Rush Limbaugh says cancer diagnosis is now terminal

Conservative radio star Rush Limbaugh revealed on Monday that his cancer diagnosis is now terminal, telling listeners that he can no longer deny that he is “under a death sentence.

Limbaugh was diagnosed with Stage 4 lung cancer in February and has been undergoing treatment for it since then. Though Limbaugh previously exhibited optimism about the treatment, his message to supporters on Monday had a much more serious tone.

A turn for the worse

“It is cancer, it eventually outsmarts pretty much everything you throw at it,” Limbaugh said on Monday. “And at some point you can decide, you know, this medication may be working, but I hate the way I feel every day. I’m not there yet. But it is part and parcel of this.”

“It’s tough to realize that the days where I do not think I’m under a death sentence are over,” he continued. “Now, we all are, is the point. We all know that we’re going to die at some point, but when you have a terminal disease diagnosis that has a time frame to it, then that puts a different psychological and even physical awareness to it.”

Limbaugh explained that the progression of the cancer is not “dramatic,” but is also not trending in the “right direction.”

Scans had previously shown that the cancer’s growth had been slowed to a “manageable” pace, Limbaugh explained, but scans conducted at the beginning of October revealed some “progression of cancer.”

The longtime radio commentator revealed that when he first received his diagnosis in February, “I never thought I would see October 1st,” but an aggressive treatment regimen kept him healthy enough to continue working.

“The doctor said if you don’t do anything, we’re looking at a couple of months,” Limbaugh continued. “There is no way back in January and February that I had anything but hope that I would still be alive on this day, October 19th, and that I would be fully productive working.”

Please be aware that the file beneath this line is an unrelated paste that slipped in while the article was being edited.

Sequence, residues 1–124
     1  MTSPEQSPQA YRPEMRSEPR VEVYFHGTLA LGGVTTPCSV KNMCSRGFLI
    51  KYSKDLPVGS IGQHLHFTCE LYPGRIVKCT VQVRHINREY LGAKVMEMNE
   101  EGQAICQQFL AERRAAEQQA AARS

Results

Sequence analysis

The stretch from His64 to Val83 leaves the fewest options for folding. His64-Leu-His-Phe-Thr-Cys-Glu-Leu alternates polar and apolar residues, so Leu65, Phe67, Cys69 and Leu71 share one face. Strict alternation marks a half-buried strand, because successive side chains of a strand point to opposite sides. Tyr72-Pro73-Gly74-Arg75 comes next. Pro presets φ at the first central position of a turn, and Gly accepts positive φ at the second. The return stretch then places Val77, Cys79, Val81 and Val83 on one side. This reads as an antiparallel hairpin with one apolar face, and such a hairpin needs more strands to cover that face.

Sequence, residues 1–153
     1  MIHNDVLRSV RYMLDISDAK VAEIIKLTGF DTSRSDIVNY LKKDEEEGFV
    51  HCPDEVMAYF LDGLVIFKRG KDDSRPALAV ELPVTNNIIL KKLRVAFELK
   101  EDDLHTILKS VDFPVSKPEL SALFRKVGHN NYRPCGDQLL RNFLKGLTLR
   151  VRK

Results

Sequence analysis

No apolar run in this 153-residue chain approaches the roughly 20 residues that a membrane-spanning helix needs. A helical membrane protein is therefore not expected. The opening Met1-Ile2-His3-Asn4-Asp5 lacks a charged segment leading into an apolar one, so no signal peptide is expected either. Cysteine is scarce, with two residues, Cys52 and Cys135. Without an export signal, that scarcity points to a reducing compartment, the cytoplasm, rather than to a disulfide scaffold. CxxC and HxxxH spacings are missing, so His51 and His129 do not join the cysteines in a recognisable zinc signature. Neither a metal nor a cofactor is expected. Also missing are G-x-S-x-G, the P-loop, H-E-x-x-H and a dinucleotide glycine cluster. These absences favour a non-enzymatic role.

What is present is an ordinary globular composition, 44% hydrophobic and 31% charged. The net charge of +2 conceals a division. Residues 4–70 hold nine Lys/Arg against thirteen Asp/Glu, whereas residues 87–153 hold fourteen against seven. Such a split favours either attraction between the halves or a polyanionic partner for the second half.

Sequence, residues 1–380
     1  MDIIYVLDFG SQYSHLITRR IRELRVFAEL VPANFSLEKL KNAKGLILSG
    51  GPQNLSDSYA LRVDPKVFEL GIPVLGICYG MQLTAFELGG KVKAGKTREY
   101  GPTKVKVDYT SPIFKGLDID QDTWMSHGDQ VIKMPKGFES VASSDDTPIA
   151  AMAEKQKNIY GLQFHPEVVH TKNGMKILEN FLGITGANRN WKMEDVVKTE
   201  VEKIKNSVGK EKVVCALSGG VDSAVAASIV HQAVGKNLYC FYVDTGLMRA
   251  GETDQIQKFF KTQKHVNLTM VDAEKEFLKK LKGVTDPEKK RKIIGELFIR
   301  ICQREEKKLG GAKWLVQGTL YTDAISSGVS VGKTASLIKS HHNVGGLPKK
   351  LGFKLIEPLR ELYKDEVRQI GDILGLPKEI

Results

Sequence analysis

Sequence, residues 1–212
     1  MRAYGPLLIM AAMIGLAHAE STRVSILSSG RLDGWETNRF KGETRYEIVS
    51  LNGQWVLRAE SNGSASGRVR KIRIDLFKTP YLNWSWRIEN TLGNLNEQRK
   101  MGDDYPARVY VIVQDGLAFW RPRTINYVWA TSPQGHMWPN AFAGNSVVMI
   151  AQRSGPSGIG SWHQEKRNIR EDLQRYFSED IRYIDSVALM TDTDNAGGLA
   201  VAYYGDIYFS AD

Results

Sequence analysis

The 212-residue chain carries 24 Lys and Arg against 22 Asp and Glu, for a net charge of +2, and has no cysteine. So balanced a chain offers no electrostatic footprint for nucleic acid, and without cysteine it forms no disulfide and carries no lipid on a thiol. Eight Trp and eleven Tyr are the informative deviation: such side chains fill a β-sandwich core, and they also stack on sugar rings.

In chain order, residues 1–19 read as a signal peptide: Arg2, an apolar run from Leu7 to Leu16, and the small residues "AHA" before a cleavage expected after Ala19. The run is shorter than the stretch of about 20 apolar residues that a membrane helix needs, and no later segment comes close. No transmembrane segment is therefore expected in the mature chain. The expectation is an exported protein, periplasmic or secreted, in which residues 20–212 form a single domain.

Giving thanks

Despite the somber tone of Limbaugh’s update, he ended the announcement by expressing thankfulness for his ability to continue hosting his radio show throughout treatment.

“I feel very blessed to be here speaking with you today,” Limbaugh shared. “Some days are harder than others. I do get fatigued now. I do get very, very tired now. I’m not gonna mislead you about that.”

“But I am extremely grateful to be able to come here to the studio and to maintain as much normalcy as possible — and it’s still true,” he said. “You know, I wake up every day and thank God that I did. I go to bed every night praying I’m gonna wake up.”

“Someone told me — I think this is good advice, may be helpful — the only thing that any of us are certain of is right now, today,” he closed. “That’s why I thank God every morning when I wake up. I thank God that I did. I try to make it the best day I can no matter what. I don’t look too far ahead. I certainly don’t look too far back.”

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